BOULDER COUNTY – A number of Boulder County’s most desirable locations to live in are areas with older homes. We have everything here: bungalows from the 1930s and 1940s, ranch homes from the 1950s, post-modern homes from the 1960s and 1970s, and tract homes from the 1980s. Many of these have been remodeled at some point, but often long ago or simply done badly. Thus it is not unusual for a homebuyer to find a house in a good location that is in need of remodeling. With grandiose visions inspired by Pinterest, it’s easy to get excited about remodeling. Plus, it’s a great way to improve the value of one’s property. But there are a number of things to consider before taking the remodeling plunge. Do you have the mentality for it? Consider these factors:
Remodeling always creates a certain amount of constant chaos in one’s life. Workers coming and going, materials being hauled in, continuous noise from tools and laborers and, what people complain most bitterly about, construction dust which
Rarely does one hear about a remodel project that comes in at or under budget. Even when you get a fixed bid from a contractor, unknown issues with associated expenses usually pop up that have to be added on, usually problems found behind walls or under floors.
Along with added expenses of dealing with unknown issues comes the additional time to address them. Even if your contractor sticks to the original project timeline, subcontractors like electricians and plumbers can throw things off. Most subs in Boulder County are extremely busy and emergency situations come up for them that can push your work back.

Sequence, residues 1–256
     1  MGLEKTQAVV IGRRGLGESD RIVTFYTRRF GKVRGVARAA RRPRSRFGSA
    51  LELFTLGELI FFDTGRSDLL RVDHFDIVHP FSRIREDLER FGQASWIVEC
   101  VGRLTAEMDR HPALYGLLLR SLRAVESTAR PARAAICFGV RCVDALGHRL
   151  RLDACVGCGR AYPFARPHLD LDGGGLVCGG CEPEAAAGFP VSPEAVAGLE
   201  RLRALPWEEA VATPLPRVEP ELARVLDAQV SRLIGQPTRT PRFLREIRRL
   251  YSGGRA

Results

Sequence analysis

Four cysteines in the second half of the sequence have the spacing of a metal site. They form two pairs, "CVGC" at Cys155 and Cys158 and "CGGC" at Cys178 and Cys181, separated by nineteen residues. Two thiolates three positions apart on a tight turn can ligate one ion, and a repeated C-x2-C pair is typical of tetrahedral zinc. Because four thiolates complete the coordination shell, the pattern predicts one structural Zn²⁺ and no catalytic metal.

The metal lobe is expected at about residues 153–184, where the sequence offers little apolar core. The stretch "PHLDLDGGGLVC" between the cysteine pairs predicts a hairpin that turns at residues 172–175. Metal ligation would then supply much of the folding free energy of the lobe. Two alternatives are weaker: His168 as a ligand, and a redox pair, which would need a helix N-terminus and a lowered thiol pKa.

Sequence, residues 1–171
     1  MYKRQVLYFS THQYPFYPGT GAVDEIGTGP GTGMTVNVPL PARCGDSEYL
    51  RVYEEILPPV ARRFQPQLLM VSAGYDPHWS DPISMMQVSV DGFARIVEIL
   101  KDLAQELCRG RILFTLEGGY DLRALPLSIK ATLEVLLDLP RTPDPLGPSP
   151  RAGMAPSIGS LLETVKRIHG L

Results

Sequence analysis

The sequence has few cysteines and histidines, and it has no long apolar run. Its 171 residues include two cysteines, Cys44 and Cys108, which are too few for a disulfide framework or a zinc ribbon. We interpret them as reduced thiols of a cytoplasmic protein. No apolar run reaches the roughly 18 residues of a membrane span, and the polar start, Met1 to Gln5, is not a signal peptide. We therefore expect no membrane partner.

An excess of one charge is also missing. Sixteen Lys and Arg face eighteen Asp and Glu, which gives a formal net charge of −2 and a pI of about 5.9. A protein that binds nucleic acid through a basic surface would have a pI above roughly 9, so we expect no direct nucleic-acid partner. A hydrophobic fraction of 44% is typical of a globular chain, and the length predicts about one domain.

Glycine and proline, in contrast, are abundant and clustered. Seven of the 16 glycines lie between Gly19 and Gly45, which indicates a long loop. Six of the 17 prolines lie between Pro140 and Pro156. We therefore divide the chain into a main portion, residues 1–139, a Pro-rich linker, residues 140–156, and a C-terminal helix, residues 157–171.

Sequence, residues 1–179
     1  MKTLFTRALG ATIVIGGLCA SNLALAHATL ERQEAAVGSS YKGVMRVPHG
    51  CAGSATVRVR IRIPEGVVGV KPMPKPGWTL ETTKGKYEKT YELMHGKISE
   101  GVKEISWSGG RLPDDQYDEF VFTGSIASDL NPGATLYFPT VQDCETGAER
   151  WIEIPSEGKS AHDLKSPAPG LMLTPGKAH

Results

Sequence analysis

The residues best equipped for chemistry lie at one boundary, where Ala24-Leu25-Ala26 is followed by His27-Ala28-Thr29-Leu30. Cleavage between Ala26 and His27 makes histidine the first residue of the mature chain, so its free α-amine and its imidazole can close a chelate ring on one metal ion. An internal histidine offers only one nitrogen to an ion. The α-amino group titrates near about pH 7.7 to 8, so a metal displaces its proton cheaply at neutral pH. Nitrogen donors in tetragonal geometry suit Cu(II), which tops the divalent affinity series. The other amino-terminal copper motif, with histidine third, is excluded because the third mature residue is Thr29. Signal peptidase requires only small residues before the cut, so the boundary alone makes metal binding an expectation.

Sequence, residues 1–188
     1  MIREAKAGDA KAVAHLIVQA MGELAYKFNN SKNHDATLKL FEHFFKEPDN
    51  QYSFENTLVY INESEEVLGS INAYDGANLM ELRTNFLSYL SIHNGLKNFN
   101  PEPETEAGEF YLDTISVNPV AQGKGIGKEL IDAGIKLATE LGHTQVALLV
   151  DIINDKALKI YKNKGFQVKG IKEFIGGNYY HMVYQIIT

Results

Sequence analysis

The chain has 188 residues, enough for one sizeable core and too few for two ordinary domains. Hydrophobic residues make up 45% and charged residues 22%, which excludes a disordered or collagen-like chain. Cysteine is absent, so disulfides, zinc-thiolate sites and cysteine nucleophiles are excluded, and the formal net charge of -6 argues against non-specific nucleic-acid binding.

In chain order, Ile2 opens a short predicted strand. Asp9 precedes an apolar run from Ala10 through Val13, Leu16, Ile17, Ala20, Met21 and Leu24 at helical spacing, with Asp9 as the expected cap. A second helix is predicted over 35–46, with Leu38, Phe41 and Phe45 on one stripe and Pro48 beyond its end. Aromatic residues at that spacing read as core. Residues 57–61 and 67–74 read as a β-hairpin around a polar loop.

If you decide today you want to remodel and have a contractor picked out, you may have to wait up to a year for said contractor to become available. We have a basic supply and demand problem here that hasn’t evened out since the last recession. The same applies to subcontractors who naturally gravitate toward larger projects.
What you want to do to a home and what you can do may be vastly different due to Boulder city and county building codes.The county, surprisingly, has more stringent codes than the city. Solar shadow regulations and setbacks are common issues that stymie remodelers. Homes in flood plains have additional regulations. Historic districts are a whole other can of worms.
If you’re considering buying a home to remodel, it’s best to consult a local contractor to see what you can and cannot do before you purchase.
No article about remodeling would be complete without mentioning stress. Remodeling by nature is a demanding process that tests the best relationships and the patience of all involved. There are hundreds of decisions that need to be made in a short amount of time by you, and if applicable, your partner. The good news is that after most homeowners have completed their remodel, they forget all about the stress and just think about how much they enjoy their updated home – that is, unless they’re now divorced.
By Karen Libin, KL Realty. Karen is the owner and managing broker of KL Realty, and has more than 29 years of experience in the Boulder County real estate market. Contact Karen at KL Realty, call 303.444.3177, e-mail firstname.lastname@example.org or visit klrealty.net.